Tests for operators present many problems. They would be different for every car, for one thing, until standardization arises a decade down the road. Cars might even differ after a software upgrade. In this case the car will put operators through some training to be sure they know about the difference, but a new test at the DMV is a different order.
Secondly there is the problem of people who come from out of state. You can’t be required to do new driving test just to pick up a rental car at the airport, or have it pick you up. This is not just practical, it’s probably not even legal. Perversely, for example, while a Nevada resident has to have the endorsement on their licence to operate a robocar in Nevada, I with my California licence do not!
John Simpson from Consumer Watchdog expressed a lot of worry over the car allowing the maker (and Google most of all) to track your movements. He wants to be sure people can turn off any reporting of their travels back to Google. While Google has a pretty good history of providing opt-out on location tracking — they do a lot of location tracking via Android — it is not the owners of cars who need to be so worried.
In my view, and that of many others, taxi service is the real future of vehicles, and taxi clients are not owners and will not be able to configure the car’s privacy settings unless there’s a lot of market pressure to do so. Even if they do, and we work out a means of anonymous payment for taxi services, or the erasure of logs, the trips themselves need to be logged to manage the cars, and you can’t really disconnect your identity from the logs of a cab that took an anonymous passenger from your house to your office in the morning. It’s very difficult.
The law does demand that cars record all data for 30 seconds before an accident. The reason for this is clear, but owners, in this case, might have the right to not have their technology be required to betray them. There are black box recorders in many cars these days that do this, but people have the right to disable them. This only applies in autonomous mode, however.
Markings on the car
Some people think robocars should have some light or indicator required by law to show they are in self-driving mode. I think that’s a very poor idea. The vehicle is either safe on the road or it isn’t, and there is nothing that other drivers should do differently around it if it’s safe. I could see this for testing (like a student driver sign) but that would actually interfere with testing, since the goal of testing is to see how the car performs in real world situations, not ones where people are scared of it.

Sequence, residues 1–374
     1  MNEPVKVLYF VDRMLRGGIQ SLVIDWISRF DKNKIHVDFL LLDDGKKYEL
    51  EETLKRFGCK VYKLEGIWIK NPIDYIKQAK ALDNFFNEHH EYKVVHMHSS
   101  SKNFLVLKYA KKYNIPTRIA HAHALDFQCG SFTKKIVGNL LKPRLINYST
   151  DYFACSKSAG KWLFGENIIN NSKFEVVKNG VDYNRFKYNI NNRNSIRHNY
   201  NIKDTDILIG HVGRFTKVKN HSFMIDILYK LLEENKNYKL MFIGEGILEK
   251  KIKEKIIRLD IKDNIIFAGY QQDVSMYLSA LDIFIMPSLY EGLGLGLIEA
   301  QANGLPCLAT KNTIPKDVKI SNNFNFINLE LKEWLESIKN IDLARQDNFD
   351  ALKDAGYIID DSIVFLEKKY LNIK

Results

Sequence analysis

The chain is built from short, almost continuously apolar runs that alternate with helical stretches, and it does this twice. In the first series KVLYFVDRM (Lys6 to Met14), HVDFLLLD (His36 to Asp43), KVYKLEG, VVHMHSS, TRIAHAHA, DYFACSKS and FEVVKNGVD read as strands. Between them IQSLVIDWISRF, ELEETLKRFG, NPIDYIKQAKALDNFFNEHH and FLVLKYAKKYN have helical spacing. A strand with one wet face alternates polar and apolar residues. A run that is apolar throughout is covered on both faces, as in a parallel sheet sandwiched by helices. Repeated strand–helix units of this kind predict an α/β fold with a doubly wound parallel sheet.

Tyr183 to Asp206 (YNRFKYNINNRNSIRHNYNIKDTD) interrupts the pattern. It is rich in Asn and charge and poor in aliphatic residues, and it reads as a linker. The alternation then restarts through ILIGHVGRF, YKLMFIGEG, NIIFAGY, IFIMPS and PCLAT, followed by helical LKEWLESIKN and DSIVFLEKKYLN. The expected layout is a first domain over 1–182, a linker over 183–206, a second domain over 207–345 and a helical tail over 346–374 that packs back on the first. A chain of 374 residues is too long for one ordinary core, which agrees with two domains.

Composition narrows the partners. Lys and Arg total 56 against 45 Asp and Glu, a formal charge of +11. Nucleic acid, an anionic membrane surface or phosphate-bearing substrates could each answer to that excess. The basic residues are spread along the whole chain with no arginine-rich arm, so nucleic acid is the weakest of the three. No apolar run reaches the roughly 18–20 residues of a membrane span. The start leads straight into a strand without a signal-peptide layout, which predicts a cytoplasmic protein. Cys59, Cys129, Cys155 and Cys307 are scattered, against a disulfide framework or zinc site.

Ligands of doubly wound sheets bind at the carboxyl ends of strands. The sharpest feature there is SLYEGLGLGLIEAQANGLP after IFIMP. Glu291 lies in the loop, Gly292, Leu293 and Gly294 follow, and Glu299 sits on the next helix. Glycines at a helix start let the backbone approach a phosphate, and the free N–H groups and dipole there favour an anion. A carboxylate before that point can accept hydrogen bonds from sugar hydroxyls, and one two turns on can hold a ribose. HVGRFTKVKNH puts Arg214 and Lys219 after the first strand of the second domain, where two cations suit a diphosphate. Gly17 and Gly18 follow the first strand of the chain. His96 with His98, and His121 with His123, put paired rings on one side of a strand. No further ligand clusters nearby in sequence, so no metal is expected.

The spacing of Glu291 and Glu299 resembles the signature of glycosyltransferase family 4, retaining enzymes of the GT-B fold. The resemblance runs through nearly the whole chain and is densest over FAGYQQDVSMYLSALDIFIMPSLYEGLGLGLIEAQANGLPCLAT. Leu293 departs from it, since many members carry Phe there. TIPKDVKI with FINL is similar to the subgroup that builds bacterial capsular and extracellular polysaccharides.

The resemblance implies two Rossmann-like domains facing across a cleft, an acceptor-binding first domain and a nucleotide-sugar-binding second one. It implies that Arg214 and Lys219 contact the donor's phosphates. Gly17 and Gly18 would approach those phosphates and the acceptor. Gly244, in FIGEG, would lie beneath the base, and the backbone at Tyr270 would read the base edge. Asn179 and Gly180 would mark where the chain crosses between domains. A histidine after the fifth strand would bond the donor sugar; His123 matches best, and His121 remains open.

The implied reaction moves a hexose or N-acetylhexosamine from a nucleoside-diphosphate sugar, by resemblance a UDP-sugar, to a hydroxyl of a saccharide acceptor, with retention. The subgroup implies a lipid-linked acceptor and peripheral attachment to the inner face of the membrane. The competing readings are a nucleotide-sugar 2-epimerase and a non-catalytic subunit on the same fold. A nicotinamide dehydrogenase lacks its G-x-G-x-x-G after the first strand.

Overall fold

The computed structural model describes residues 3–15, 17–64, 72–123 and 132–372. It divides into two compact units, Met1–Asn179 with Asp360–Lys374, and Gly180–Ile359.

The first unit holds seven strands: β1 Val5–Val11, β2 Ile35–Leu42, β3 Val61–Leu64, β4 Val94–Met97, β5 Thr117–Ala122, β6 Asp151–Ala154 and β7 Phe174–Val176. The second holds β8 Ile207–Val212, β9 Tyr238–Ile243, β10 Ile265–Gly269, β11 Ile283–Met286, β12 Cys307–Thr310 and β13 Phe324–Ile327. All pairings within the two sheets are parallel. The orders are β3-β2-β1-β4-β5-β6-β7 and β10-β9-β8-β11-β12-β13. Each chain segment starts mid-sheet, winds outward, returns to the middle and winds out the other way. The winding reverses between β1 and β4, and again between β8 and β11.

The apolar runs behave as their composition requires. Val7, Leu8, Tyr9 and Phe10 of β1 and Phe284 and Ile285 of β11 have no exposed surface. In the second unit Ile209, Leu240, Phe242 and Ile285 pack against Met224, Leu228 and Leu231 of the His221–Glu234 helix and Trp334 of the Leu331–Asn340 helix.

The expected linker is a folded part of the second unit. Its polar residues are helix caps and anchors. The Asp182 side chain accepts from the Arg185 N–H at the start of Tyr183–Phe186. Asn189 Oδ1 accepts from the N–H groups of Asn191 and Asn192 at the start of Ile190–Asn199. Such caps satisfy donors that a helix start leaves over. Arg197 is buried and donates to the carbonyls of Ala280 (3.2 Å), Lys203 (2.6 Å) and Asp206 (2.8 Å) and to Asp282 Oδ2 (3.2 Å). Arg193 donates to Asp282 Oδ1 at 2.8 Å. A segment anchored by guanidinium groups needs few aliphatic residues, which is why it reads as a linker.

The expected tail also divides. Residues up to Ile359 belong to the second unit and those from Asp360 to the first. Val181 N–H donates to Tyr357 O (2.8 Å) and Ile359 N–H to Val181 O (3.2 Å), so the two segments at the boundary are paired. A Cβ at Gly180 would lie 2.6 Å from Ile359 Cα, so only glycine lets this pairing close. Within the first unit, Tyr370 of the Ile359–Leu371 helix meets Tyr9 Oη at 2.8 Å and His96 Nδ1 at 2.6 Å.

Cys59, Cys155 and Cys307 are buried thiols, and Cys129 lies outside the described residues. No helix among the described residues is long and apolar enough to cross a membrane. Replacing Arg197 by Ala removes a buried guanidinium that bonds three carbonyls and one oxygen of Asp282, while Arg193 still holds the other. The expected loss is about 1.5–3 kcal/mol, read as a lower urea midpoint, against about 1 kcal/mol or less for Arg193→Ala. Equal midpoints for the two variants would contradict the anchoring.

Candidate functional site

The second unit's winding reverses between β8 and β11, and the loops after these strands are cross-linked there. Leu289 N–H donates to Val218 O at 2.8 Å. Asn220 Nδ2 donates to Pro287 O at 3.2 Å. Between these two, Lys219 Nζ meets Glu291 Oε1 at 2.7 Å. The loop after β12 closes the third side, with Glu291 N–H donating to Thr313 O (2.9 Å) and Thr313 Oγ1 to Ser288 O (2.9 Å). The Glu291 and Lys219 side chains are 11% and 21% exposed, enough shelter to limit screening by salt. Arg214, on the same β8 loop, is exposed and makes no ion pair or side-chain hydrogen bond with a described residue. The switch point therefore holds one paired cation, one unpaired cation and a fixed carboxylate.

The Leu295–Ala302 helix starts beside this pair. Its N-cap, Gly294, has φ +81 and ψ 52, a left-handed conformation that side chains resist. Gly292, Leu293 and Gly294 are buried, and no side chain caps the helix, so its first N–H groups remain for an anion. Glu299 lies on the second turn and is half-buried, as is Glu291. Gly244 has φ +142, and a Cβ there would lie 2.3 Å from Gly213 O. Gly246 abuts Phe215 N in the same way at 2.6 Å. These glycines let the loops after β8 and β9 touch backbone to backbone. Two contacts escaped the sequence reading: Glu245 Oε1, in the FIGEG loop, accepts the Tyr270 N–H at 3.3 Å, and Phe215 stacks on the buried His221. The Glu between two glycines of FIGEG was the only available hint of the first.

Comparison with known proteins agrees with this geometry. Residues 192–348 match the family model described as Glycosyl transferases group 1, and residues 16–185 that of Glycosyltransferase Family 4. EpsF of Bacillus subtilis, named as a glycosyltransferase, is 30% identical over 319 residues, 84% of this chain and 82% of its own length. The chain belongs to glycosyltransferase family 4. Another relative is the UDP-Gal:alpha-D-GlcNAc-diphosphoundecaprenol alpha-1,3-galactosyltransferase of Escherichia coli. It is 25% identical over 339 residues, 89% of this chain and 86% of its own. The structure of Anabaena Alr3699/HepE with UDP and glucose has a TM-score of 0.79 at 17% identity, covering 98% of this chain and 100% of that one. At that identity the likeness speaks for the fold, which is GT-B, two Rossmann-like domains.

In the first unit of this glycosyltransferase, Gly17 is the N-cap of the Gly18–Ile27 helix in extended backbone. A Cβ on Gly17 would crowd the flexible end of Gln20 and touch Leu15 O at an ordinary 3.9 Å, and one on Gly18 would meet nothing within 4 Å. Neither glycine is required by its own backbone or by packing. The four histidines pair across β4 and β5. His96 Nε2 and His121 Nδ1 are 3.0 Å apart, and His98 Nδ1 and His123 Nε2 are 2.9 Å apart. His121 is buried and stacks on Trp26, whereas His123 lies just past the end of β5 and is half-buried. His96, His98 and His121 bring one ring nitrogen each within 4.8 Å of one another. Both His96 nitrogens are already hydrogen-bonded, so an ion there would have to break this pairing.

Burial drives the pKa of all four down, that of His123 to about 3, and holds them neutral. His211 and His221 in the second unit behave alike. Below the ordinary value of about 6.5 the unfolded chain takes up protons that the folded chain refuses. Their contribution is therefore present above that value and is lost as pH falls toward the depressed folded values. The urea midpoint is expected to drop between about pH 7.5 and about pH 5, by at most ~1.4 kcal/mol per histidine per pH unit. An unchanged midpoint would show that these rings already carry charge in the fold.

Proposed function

It’s a moot question today — Cars with LIDARs on them are quite obvious — and I suspect they will always be pretty obvious in the future, even if the sensors get smaller.
A new issue I’m going to start raising is one of slow operations. A simple reality is that the easiest path to safety in these early phases is just to go more slowly. It’s not a perfect path, but there are vehicles like the Navia that one is comfortable seeing operate at 20 km/h but not at 40 km/h.
While there has been much talk of whether the cars might exceed the speed limit (they definitely should if there is an occupant in them commanding this) I have not seen much talk about minimum speeds. We don’t want to have super-slow vehicles blocking traffic over the long term, but we might want to decide to legally tolerate it in the introductory phase of this technology, to speed up the benefits that come with time.
Owned vehicles vs. taxis
The hearings were almost entirely about cars that are sold to and operated by individual owners. That’s what the car companies all imagine, but another school of thought suggests taxi service is the most interesting market. I touched on the privacy issues there, but we’re not talking about this nearly as much as we should.
Taxis need to be unmanned to self-deliver, though they can go slow on more limited roads to do that. The desire for taxi service pushes up our consideration of unmanned operation.
The DMV does licence taxis and taxi drivers, but 99% of what they do revolves around ordinary car sales to driver-owners, and licencing these folks. That’s going to change.